Other issues in this category (32)
What's in a name?
Monday, August 15, 2016
People name their children, pets, steamships, and cities, and the naming does not stop there. Malicious programs have names, too, so that it’s possible to tell them apart.
Each anti-virus developer has its own method for naming viruses and Trojans. For example, to assigns names to malware, Doctor Web uses the following pattern:
[malware class].[malware name].[version]
So, in the case of Trojan.Bolik.1, the word "Trojan" denotes the malware class; "Bolik"is its name; and "1" is the Trojan's version.
How can one determine a malware class?
Malicious programs can be distinguished by the type of platform they target. Most programs target Windows. Android ranks second in terms of the number of threats that exist for it. However, this doesn't mean that Trojans don’t exist for other platforms: there are malicious programs for Linux, Mac OS X, and various mobile platforms including Blackberry, but they are far fewer in number. That's why names for Android Trojans in the Doctor Web nomenclature start with the class name Android, e.g., Android.BankBot.20, while the names of malicious programs for Linux start with Linux, e.g., Linux.Ellipsis.1 . Sometimes the marker 'origin' is appended to Android Trojan names. It means that programs of this kind are detected using the technology Origins Tracing.
As far as Trojan names for Android and Linux are concerned, things appear to be quite simple. However, when it comes to Windows, there exist a far greater number of malicious programs which can be distinguished by their features. For example, common file infectors can replicate themselves and infect other files. At Doctor Web, this category of program is denoted as Win32 or Win64—depending on the platform for which they are intended. Accordingly, the malware Win32.Rmnet.16 is a file infector.
Unlike viruses, worms don't infect executable files but can spread over a network and use email as a transport—worms can send themselves as email attachments or create copies of themselves in shared folders. Doctor Web experts include them in the category HLLW—High-Level Language Worm—or HLLM (High Level Language MassMailing Worm).
The most common malicious applications fit into the Trojan category. The name comes from the famous ancient myth about the wooden horse presented as a gift to the citizens of the besieged city of Troy by the Achaeans. When night fell, Achaean warriors emerged from the giant wooden structure and opened the gate to let their army into the sleeping city. Trojan programs act in a very similar way: they get into a system in the guise of a harmless application such as a video player or a game and, when launched, commence their malicious activities. Catching a culprit of this kind can be difficult—many Trojan horses can hide in a system and bypass some types of anti-virus protection.
BackDoor is yet another malware category. As the name suggests, these programs grant attackers unauthorised access to a system without user consent. Intruders can use backdoors not only to view and copy files but also to control the infected machine, launch various programs, delete all the information stored on the hard drive, render the system non-operational, steal money from a bank account or plant incriminating evidence.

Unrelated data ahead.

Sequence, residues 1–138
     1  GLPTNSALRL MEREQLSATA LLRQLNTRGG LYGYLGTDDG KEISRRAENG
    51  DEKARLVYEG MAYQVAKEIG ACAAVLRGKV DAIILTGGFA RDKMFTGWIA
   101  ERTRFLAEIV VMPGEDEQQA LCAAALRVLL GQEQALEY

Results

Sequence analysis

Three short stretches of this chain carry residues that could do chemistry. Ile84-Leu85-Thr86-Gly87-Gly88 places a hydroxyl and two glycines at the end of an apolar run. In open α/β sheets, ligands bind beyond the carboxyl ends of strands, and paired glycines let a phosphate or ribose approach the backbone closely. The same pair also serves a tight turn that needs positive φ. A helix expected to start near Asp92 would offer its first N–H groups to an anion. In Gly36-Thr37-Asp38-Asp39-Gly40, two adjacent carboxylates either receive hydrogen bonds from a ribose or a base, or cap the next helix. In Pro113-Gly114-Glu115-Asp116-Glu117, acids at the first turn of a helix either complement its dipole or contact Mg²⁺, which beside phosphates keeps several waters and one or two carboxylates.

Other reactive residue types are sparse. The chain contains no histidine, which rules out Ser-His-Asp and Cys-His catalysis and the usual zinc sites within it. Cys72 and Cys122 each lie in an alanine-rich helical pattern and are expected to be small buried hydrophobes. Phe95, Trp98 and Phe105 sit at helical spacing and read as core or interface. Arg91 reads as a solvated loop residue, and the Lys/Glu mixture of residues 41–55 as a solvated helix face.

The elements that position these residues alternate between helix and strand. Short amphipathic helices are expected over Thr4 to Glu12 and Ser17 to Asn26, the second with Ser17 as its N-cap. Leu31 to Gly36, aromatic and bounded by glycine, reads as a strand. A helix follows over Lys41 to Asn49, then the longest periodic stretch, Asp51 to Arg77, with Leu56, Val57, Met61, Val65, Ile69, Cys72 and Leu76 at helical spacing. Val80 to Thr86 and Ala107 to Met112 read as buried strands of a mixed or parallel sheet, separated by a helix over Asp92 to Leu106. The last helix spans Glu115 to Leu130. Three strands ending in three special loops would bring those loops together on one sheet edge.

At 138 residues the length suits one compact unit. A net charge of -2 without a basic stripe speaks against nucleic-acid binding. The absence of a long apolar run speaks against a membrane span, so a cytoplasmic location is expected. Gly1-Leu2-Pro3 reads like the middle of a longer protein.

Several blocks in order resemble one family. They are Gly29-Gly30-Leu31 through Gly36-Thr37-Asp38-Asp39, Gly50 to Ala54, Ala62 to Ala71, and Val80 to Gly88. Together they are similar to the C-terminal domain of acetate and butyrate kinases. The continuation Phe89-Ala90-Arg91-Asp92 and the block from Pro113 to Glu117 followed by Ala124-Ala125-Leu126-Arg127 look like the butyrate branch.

Modern malicious programs are usually equipped with a wide array of features and often combine the properties of several classes. For example, a malicious species can facilitate remote control over an infected machine (act as a backdoor), but can replicate itself in system folders (as a worm) and, under certain circumstances, can infect an executable (like a virus). What category does such a program fit into? In such cases, the class hierarchy is taken into account, e.g., File infector → Worm → Backdoor → Trojan. The arrangement of the classes reflects the severity of the threat they pose. Here the ability to facilitate unauthorised access (backdoor) is less dangerous than the feature that enables programs to spread over networks (worm), which in turn is less dangerous than the ability to infect executable files (virus). Therefore, the sample described above is likely to be named Win32.name.version or Win32.HLLW.name.version, that is to say that it will be classified as a file infector that incorporates some worm-like features.
Virus analysts select a specific name for each malicious program; to generate a name, they usually use a certain feature in the program's code or some other properties of the species. So, for example, the file infector Win32. HLLP.Karud is named after a certain string in its code. Other Trojans exhibit such “elegance” in their inner organisation and perform their malicious tasks in a system in such a “delicate” and “sophisticated” way that their names inevitably reflect that. These include programs of the family Win32.Silly. Some properties of certain threats can also become part of their names. In particular, one of the fallen in virlab backdoors experts puzzled by the presence of a block of encrypted data, the purpose of which seemed ambiguous analysts.
Определенные свойства некоторых угроз также могут наложить отпечаток на их обозначение. В частности, один из попавших в вирлаб бэкдоров озадачил специалистов наличием блока зашифрованных данных, назначение которого показалось аналитикам неоднозначным. Троянца тщательно изучили, после чего ему было торжественно присвоено вполне заслуженное имя BackDoor.Mutny.
However, one of the most popular and widespread names in the Dr.Web virus databases is assigned to malicious applications by the special program Signature Generator (abbreviated as “Siggen”). You can easily guess what types of names the robot assigns to these Trojans.